31 October 2008

Religulous Fanatics

Everyone I know that's seen Bill Maher's movie, "Religulous," loved it. Sixteen percent of Americans apparently identify as atheists or agnostics, so why are we letting people who believe in literal virgin births and talking bushes call the shots? Let's sock it to those religious fanatics!

This the explicit premise of the movie, an atheist call to action. A further premise I would add is the following: We're not letting the Evangelicals be the only ones who don't listen to, and badger, people who disagree with them - now we can be condescending know-it-alls too!

It reminded me of the famous British atheist and Oxford professor, Richard Dawkins. Specifically a film I saw at the Roxie a few years ago that was a compilation from his BBC television series...I believe it was called, "Root of All Evil?" in which Dawkins proceeded to cross the globe harrassing religious people and in so many words, telling them they're stupid. Actually even though Dawkins is obviously an influence (e.g., looking for 'evidence' of miracles, citing the story of Lot's daughters from the Bible), he's almost subtle compared to Maher.

Maher let very few of the people he spoke to get a word in edge-wise. He spoke very quickly, asking for evidence, for example, for the virgin birth. When the person opened their mouth to reply, he would rapid-fire several more questions. Maher got up and walked out on the one guy who wouldn't let himself be interrupted. To me it looked like his primary purpose was to make everyone look like an idiot, thereby "proving" that atheists are superior, and religion is bad.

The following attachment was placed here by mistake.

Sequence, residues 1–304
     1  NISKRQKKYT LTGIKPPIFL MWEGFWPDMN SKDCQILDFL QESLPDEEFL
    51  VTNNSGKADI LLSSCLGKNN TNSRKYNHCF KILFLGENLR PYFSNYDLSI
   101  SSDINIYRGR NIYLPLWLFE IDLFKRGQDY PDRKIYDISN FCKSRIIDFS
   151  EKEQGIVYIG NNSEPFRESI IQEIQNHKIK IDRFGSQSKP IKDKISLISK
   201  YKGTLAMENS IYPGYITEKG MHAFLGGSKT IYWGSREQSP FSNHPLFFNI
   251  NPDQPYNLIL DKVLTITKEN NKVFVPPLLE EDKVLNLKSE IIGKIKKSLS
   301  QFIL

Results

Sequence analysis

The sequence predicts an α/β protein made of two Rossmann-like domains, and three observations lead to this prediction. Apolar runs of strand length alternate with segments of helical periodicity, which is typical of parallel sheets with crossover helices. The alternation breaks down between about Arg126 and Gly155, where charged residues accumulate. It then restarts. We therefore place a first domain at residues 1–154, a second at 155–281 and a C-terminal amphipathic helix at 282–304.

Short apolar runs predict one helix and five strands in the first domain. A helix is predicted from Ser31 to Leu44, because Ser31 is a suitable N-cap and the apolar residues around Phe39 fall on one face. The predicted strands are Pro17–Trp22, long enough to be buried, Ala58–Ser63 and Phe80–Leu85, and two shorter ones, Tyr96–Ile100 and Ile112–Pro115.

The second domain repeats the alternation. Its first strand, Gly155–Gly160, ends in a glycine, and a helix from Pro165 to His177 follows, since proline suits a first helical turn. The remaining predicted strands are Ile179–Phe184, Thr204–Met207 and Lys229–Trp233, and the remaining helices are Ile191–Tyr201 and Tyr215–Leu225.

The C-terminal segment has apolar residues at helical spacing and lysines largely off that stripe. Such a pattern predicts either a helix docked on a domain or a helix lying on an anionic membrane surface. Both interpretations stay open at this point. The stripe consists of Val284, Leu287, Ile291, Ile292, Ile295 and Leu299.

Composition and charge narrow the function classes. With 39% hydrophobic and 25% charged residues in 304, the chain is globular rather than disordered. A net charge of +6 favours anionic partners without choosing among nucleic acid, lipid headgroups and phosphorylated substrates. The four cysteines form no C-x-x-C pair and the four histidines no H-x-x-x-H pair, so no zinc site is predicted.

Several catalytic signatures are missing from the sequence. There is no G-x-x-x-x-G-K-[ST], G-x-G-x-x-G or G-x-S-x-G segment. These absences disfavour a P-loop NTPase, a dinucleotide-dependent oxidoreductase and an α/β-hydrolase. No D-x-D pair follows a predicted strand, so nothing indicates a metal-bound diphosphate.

Religion helps a lot of people. I'm not saying it's perfect or unproblematic - in fact religions cause and continue to cause a great deal of harm in the world. But it's obvious that both Maher and Dawkins do not really understand what they are criticizing and this is probably the fundamental flaw. To me, Maher looked like an ass in most of the film, exemplifying some of the intolerance he is perhaps meaning to criticize.

But maybe this kind of thing is good, and necessary: Fundamentalist Christianity has a lot of power in this country, and us 16% types should no doubt start expressing ourselves more without being afraid. I hope that Dawkins and Maher are right and that their films do some good. May atheists claim their birthright, and acquire even a fraction of the zeal possessed by their monotheistic counterparts.

Religulous on IMDB

Richard Dawkins on Wikipedia

Story of Lot on Wikipedia

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